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The Worst Game Of Aaron Gordonís Life

Five minutes after the game was over, and I’m still shaking. The game between Wisconsin and Arizona was insanely intense. For whatever reason, I decided to watch this game by scouting every play Arizona’s Aaron Gordon made. Since Gordon’s reputation is that he makes a bunch of plays that don’t show up in the box score, I decided I would track him from the opening tip to the closing horn of the Elite Eight match-up. Here are my notes:

The biggest thing I noticed in this game is that Gordon loves playing defense much more than he loves playing offense. When you look at his body language, he just lives for the defensive end of the floor. On offense, he set screens, he moved to the open areas of the floor, and he had a couple of crisp passes to get his teammates inside baskets. But his heart was not into playing methodical half-court offense. Conversely he just floats on defense. He makes every defensive movement with a constant spring in his step.

Gordon’s biggest contribution early in the game was pushing the ball in transition. Arizona’s game plan was to try to attack before Wisconsin was set. And that meant not waiting to get the ball to a guard to take the ball passed half court. When Gordon got the offensive rebound or picked the ball up off a deflection, he dribbled and attacked.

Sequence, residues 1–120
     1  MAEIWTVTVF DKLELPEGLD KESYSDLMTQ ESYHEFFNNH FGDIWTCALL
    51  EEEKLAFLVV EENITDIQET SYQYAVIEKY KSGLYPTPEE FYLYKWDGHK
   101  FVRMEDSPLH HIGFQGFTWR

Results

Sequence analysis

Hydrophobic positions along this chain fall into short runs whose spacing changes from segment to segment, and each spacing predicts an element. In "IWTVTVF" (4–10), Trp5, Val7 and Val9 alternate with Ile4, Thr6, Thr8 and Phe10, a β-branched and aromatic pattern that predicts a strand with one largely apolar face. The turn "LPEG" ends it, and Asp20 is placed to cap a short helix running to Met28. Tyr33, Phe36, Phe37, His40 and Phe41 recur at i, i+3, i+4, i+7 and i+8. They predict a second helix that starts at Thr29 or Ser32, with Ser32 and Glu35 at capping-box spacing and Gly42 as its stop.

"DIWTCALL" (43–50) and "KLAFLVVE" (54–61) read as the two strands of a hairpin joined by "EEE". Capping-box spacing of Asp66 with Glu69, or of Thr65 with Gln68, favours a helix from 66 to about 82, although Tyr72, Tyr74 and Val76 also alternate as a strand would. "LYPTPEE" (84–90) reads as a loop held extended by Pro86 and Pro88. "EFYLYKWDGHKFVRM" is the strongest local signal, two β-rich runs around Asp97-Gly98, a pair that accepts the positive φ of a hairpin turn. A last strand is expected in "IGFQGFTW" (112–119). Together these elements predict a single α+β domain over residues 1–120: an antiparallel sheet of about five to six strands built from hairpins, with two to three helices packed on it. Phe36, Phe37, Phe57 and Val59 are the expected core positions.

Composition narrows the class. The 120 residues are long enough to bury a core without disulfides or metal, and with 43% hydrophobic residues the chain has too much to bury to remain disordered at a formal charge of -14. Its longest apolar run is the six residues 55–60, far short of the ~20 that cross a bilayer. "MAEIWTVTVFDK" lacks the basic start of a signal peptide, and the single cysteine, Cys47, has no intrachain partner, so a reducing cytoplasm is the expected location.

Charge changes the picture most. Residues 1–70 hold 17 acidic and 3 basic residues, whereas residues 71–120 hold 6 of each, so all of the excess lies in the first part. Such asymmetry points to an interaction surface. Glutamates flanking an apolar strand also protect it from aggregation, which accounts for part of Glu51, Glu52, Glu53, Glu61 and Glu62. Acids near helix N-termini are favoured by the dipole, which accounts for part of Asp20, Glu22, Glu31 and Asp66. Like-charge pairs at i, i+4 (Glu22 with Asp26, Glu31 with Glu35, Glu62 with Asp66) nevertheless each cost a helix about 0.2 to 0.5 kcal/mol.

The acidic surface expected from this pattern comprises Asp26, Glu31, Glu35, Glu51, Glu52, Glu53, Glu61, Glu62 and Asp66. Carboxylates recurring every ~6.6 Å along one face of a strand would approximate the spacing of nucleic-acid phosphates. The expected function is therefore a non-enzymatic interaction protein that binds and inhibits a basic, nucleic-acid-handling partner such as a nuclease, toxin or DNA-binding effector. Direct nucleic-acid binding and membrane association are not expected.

Obviously, most people are going to look at his stat line offensively and say he had a terrible day shooting the ball. But that isn’t really fair. I only noted four particularly egregious offensive efforts. First, early in the first half, he went around a weak screen and settled for a three at the 45 degree angle. It wasn’t a good shot because Arizona could have run the offense and got a better look.

Second, near the end of the first half, he grabbed an offensive rebound near the three point line and put up a somewhat crazy underhand scoop shot. Third, at some point in the second half, Gordon tried to play Nigel Hayes face-up out at the three point line. But Gordon swung the ball out wide as if looking for a cross-over. And Hayes simply reached out and took the ball away for a clean steal. Finally, there was a possession at 6:18 of the second half, where Gordon looked exhausted as he jumped short on a finger-roll attempt.

But other than that, most of Gordon’s looks were strong. At 12:44 of the second half he put up one of the softest floaters you will ever see, but it bounced around the rim for three seconds before rolling off. It was that kind of night for Gordon.

The real reason Gordon will want to burn the game tape is what happened on the defensive end of the floor. First, I want to talk about what happened in three straight situations starting near the 8:30 mark of the first half. If you are an Arizona fan, what you are going to say happened was that Nigel Hayes used three straight chicken wing elbows to get around Gordon, and the refs allowed it. For the second of the three incidents, clearly that would be correct. Hayes put his elbow into Gordon’s back, Gordon fell over, and Gordon was called for the foul.